So far we have only considered blind strategies and a simple greedy strategy based on maximizing our score on every move. The results were interesting because the blind cyclic strategy left-down-right-down did surprisingly well and we saw that a biased random strategy which strongly favored two orthogonal moves like left and down with a small amount of one other move like right outperformed all of the other biased random strategies.
If we want to do better, we need something more sophisticated than a blind strategy or pure, short-term, score greed.
The first approach used by game AI programmers in the olden days was to simply program in the ideas that the programmer had about the game into the game AI. If the programmer liked to put an X in the middle of a tic-tac-toe board, then he hard-wired that rule into the computer code. That rule alone would not be enough to play tic-tac-toe, so the programmer would then just add more and more decision rules based on his own intuition until there were enough rules to make a decision in every game situation. For tic-tac-toe, the rules might have been
- If you can win on your next move, then do it.
- If your opponent has two in a row, then block his win.
- Take the center square if you can.
- Take a corner square if it is available.
- Try to get two squares in a single row or column which is free of your opponent’s marks.
- Move randomly if no other rule applies.
Though this approach can be rather successful, it tends to be hard to modify because it is brittle. It is brittle in two ways: a new rule can totally change the behavior of the entire system, and it is very hard to make a tiny change in the rules. These kind of rule based systems matured and incorporated reasoning in the nineties with the advent of “Expert Systems“.
Long before the nineties, the first game AI programmers came up with another idea that was much less brittle. If we could just give every position a numerical rating, preferably a real number rather than an integer, then we can make small changes by adding small numbers to the rating for any new minor feature that we identify.
In tic-tac-toe, our numerical rating system might be as simple as:
- Start with a rating of zero
- Add 100 to the rating if I have won,
- Subtract 100 if my opponent has won or will win on his next move,
- Add 5 if I own the central square,
- Add 2 points for each corner square that I own,
- Add 1 point for every row, column, or diagonal in which I have two squares and my opponent has no squares.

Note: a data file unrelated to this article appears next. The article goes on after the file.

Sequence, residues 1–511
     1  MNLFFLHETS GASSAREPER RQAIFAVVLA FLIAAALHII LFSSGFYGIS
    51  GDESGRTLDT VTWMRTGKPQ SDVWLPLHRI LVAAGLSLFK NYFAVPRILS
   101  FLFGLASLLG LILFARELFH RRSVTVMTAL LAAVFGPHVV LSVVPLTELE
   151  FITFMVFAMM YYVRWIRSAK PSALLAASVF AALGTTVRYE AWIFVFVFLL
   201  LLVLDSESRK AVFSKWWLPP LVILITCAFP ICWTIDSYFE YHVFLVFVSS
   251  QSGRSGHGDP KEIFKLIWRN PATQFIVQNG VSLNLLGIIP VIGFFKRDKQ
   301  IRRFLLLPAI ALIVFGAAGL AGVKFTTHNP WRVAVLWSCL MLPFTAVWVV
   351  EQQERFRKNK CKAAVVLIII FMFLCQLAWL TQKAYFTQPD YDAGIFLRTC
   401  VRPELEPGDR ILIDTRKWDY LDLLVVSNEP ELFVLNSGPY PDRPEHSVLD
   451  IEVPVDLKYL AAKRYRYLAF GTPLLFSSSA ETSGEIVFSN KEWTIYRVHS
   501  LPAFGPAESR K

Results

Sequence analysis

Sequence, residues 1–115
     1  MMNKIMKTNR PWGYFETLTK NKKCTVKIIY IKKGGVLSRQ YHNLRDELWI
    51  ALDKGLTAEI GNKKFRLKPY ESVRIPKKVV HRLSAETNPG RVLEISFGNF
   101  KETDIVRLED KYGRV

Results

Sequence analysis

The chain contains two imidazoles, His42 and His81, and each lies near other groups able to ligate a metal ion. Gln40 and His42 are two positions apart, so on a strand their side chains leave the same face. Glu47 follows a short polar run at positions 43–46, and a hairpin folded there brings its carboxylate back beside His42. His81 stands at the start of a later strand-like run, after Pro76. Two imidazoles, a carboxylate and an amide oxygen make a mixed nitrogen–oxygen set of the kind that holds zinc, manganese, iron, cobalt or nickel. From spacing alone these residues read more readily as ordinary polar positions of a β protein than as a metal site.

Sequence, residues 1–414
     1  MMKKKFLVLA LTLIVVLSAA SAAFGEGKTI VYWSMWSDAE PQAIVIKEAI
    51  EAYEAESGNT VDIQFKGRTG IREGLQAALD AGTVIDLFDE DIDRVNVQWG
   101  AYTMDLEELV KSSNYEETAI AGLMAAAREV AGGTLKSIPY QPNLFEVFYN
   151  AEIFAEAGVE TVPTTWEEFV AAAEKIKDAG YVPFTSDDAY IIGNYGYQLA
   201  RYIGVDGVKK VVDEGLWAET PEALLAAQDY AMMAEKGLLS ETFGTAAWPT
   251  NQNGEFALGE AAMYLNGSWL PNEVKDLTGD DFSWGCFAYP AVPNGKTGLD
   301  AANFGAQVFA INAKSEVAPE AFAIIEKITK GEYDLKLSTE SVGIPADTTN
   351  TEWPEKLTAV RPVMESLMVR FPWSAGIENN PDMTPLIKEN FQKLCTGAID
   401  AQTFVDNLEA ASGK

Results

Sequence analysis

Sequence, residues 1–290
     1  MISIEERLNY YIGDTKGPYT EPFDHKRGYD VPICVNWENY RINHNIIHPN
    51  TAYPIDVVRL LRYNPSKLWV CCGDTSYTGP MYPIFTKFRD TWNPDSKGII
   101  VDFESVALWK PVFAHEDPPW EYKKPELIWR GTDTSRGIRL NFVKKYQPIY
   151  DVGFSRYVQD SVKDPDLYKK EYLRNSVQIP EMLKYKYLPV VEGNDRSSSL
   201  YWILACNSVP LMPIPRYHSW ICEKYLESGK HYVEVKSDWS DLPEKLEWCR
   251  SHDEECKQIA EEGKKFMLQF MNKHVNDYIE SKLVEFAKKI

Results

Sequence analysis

So, for example, the position below would be scored as
2 (for the upper left corner x) + 2 (for the other corner) + 1 (for the top row) = 5.
Now, in order to decide on a move, we could just look at every possible move, rate each of the resulting boards, and choose the board with the highest rating. If our tic-tac-toe position was the one below and we were the x player,
then we would have six possible moves. Each move could be rated using our board rating system, and the highest rated board with x in the center and a rating of 8 would be chosen.
This approach was first applied to computer game AI by the famous theoretician Claude Shannon in the paper “Programming a Computer for Playing Chess” (1949), but the idea without the computers actually predates Shannon by hundreds of years. For instance, the chess theoretician Giambatista Lolli published “Osservazioni teorico-pratiche sopra il giuoco degli scacchi ossia il Giuoco degli Scacchi” in 1763. He was the first to publish the idea of counting pawns as 1, bishops as 3, knights as 3, rooks as 5, and queens as 9 thereby giving a rating to every board position in chess (well, at least a rating for the pieces). Shannon modified this rating by subtracting 0.5 for each “doubled” pawn, 0.5 for each “isolated” pawn, 0.5 for each “backward” pawn, and adding 0.1 for each possible move. Thus, if the pieces were the same for both players, no captures were possible, and if the pawns were distributed over the board in a normal fashion, Shannon’s chess AI would choose the move which created the most new moves for itself and removed the most moves from his opponent.